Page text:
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Are you sweating your charity’s assets?

Are you sweating your charity’s assets?

Are you making the most of your charity’s tangible and intangible assets? This is a question that Exeter-based hospice Hospiscare recently considered in terms of their retail operation.

Working with market analysis company, CACI, Hospiscare explored the demographics and location of service users, online customers, Gift Aid donors and house clearance customers. Shop locations and shop profitability were also evaluated to show which type of shop and shop locations work best and identify future income opportunities. The findings were presented at the Hospice UK Retail Conference 2017 – Hospice Retail: Reinvention or Revolution earlier this year.

Some of the key findings were:

• Online customers living within an hour of the hospice spent significantly more

• House clearance customers were linked to service users. This suggested that customers had personal connections with hospice patients and that house clearance was being used as an end of life service

• Gift Aid donors generally came from more affluent areas

• There were opportunities to maximise shop profits in terms of shop location and shop type

This work was carried out as part of a strategic review and future proofing exercise, with the aim of increasing the profitability of the retail business. It was the first time this sort of data analysis had been done by Hospiscare and the findings provided evidence to challenge assumptions and back up future plans. The results presented some objective evidence for the case for change which was helpful for the retail team, senior managers and board of trustees.

With the changes to General Data Protection Regular (GDPR) comes a nervousness about using data, but used appropriately it can have huge benefits. To carry out this work CACI and Hospiscare had a robust data sharing agreement in place and no personally identifiable information was transferred.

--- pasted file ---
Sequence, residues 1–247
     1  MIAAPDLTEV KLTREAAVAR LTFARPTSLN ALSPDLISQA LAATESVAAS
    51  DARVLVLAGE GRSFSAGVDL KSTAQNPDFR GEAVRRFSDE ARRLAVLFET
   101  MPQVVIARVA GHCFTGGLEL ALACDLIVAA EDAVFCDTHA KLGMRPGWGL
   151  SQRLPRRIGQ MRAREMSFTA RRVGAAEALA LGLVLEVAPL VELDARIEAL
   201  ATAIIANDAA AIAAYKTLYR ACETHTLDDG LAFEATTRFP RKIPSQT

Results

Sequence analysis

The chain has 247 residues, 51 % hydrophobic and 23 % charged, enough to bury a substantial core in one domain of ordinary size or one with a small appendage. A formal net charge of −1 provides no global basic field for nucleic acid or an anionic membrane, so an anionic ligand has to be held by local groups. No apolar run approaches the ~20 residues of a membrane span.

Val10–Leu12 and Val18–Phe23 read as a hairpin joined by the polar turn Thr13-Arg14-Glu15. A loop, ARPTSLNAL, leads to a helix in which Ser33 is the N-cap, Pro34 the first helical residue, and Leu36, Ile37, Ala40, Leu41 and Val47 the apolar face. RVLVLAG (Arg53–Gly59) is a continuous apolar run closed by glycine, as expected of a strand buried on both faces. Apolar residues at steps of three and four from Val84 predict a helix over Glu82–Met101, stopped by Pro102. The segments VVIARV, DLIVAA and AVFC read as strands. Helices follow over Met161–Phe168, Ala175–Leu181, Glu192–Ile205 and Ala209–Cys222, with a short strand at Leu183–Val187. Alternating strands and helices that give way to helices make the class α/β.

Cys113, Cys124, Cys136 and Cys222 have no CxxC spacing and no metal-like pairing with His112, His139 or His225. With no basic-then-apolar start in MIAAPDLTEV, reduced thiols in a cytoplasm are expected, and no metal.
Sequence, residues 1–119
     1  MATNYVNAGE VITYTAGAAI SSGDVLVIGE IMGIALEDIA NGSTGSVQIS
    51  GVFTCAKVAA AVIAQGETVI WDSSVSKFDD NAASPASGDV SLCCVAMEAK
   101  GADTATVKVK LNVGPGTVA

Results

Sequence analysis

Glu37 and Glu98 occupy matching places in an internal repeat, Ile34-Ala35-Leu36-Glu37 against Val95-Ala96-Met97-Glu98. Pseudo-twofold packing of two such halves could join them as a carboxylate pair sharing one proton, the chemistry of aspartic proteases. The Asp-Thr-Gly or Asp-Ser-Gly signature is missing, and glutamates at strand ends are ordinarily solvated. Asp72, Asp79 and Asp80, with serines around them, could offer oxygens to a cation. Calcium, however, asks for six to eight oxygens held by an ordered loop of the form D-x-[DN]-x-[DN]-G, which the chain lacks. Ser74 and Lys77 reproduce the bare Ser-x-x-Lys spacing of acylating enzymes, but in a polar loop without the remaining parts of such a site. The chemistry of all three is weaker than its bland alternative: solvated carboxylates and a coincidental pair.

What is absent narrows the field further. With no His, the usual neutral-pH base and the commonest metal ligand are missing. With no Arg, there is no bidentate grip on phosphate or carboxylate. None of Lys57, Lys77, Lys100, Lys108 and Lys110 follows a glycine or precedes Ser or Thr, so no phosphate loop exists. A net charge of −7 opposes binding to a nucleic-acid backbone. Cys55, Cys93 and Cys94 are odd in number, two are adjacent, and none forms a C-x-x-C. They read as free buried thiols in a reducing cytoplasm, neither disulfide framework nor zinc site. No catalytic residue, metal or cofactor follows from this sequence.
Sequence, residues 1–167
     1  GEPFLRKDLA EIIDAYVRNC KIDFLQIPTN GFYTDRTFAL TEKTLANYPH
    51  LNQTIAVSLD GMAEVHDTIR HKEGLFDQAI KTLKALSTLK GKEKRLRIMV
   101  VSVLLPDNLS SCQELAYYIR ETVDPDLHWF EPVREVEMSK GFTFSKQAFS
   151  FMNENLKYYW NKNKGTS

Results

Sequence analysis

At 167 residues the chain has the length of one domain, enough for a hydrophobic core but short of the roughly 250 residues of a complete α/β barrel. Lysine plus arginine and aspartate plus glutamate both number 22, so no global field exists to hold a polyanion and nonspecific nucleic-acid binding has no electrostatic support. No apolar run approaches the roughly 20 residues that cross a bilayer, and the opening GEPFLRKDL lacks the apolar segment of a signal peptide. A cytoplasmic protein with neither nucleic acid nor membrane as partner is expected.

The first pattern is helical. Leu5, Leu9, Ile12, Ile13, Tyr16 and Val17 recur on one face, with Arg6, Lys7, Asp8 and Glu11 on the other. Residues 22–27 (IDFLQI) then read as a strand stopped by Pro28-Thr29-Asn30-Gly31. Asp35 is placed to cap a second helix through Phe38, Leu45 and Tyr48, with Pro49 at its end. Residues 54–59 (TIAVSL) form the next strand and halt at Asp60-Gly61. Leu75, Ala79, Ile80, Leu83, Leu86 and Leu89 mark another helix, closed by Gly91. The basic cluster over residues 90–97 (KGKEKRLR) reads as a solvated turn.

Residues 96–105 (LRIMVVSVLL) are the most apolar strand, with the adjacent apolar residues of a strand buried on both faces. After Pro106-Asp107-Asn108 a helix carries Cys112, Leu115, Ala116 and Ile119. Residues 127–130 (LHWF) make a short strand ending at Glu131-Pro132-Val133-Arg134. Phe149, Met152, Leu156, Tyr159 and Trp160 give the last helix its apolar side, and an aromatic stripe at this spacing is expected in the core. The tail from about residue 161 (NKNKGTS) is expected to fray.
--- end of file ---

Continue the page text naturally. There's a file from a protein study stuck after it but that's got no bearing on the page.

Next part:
Despite the restraints, the findings have helped to shape the business plan and set out some new ways of working.

Having a physical presence helps increase income

Woman looking into a shop window
CACI first saw that there was a correlation between having a physical presence and income generation when working with traditional retailers. They saw that ecommerce sales were impacted by where retail chains had high street shops.

This correlation is a result of the “shop window effect” whereby more exposure and increased brand awareness in the real-world makes people more likely to shop online. The graph below demonstrates the relationship. The x axes looks at distance to the closest store and the y axes looks at ecommerce sales.


Chart showing physical presence vs income with regards to ecommerce


When exploring the relationship between Hospiscare shops and ecommerce sales, CACI found that people living within an hour of the hospice catchment area spent five times more per head then customers coming from further afield. This was despite customers being very well distributed across the UK and sales coming from as far away as the Edinburgh and Suffolk!